The far-field resonances are measured by Fourier-transform IR spectroscopy (FTIR) with the incident illumination polarized across the ribbons. Due to the mode’s refractive index steps defined by electromagnetic engineering of the substrate, Fabry-Pérot resonances arise from the multiple reflections at the air/Au boundaries. A theoretical mode analysis is performed to disentangle the peaks observed and confirmed by near-field imaging with scattering-type scanning near-field optical microscopy (s-SNOM). We observe the excited propagating PhP modes, which are dipolar-like at the region α-MoO3/air, and high-order-like at the region α-MoO3/Au. We use the s-SNOM tip to scan the α-MoO3 slab and record the electromagnetic signal as a function of the tip position, composing the near-field images (Fig.1).

Fig.1 | Near-field measurements of twist-tunable PhP nanoresonators. a, Schematic of the near-field measurements by s-SNOM, in which a metal tip is illuminated by p-polarized mid-IR light, and both the amplitude and phase of the tip-scattered field are recorded as a function of the tip position. b, Simulated polariton field distribution, Re(Ez), and experimental near-field images, Re(s3)  in both the α-MoO3/air and α-MoO3/metal regions.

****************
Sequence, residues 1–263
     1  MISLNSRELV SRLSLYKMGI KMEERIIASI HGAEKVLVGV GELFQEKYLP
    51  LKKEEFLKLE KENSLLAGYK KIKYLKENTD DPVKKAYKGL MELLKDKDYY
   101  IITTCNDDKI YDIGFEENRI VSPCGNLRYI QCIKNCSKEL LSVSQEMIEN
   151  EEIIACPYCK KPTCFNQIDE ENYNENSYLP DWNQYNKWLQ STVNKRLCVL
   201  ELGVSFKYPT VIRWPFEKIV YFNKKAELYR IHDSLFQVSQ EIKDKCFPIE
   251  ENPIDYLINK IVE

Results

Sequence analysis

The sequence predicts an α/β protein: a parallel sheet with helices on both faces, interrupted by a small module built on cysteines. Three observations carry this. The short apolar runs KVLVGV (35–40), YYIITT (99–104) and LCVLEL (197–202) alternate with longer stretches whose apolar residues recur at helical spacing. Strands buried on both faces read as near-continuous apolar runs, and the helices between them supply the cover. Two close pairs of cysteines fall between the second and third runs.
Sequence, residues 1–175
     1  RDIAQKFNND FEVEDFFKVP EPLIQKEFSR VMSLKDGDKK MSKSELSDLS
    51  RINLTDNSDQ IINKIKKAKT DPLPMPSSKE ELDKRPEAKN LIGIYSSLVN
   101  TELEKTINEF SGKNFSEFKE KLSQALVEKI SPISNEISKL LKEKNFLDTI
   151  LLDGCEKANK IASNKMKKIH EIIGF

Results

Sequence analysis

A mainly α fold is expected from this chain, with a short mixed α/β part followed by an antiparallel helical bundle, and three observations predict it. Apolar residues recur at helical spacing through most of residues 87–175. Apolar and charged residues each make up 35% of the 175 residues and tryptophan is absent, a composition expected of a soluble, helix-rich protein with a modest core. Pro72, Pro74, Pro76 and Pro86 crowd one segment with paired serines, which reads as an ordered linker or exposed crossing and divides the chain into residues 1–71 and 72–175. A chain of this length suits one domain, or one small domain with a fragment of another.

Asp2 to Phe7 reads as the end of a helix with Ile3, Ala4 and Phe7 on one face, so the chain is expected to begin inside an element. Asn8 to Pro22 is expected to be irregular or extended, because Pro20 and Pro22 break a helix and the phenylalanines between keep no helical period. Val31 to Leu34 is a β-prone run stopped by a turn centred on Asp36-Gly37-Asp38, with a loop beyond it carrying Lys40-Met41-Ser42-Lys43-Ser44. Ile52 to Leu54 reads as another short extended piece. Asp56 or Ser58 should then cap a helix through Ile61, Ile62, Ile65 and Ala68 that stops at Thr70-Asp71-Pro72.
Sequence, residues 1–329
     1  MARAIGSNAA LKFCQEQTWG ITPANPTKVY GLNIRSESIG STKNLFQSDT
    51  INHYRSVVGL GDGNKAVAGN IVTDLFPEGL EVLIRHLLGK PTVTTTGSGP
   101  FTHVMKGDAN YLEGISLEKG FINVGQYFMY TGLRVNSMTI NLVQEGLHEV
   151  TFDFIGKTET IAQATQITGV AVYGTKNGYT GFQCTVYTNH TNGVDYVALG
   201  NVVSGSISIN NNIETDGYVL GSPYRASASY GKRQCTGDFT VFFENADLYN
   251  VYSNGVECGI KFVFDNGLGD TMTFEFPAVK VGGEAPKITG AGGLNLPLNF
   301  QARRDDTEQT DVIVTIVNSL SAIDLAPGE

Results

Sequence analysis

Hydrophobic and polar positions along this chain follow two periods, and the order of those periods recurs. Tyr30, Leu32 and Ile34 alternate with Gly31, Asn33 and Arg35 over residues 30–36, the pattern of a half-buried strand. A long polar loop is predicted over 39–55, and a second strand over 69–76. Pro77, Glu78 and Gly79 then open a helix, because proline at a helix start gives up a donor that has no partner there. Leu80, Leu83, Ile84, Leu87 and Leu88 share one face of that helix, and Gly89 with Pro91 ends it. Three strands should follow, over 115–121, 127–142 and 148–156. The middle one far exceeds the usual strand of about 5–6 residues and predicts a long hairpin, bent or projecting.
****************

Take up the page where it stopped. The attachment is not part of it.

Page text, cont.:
The main resonant peak in the far-field spectra corresponds to the dipolar mode at the interface α-MoO3/air as confirmed by the near-field imaging and the theoretical mode analysis. After the analysis, we checked that, as expected, by twisting the same slab of α-MoO3 the main resonant peak shifts to lower frequencies with increasing the angle between the crystallographic axis of the material and the ribbons axis, due to hyperbolic propagation of PhPs at this spectral range. This is confirmed with a theoretical analysis based on full-wave numerical simulations of the fabricated structure that shows a good agreement with the experimental results (Fig.2). Moreover, the resonances coincide with the anisotropic Fabry-Pérot condition.

Fig.2 | Analysis of the PhP resonances and their twist tuning. a, Measured relative reflection spectra δR as a function of frequency, ω for different twist angles φ=0,15,30 and 45º of the same α-MoO3 slab (red, blue, black, and green curves, respectively). b, Simulated δR as a function of frequency, ω and twist angle, φ.

 

In conclusion, we demonstrate a broad spectral tuning of the polaritonic resonances up to 32cm-1, which is around 6 times their full width at half maximum (FWHM) of approximately 5cm-1, by an in-plane rotation of the same α-MoO3 slab from 0 to 45º. Thanks to the proposed design we maintain the low-loss nature of our nanoresonators with quality factors (Q) up to 200. The ability to control the spectral response of the nanoresonators by simply rotating the constituent material opens new possibilities for the design of low-loss, tunable IR nanotechnologies, which allows for the precise control of electromagnetic fields at the nanoscale, enabling the creation of nanoresonators with extraordinary properties.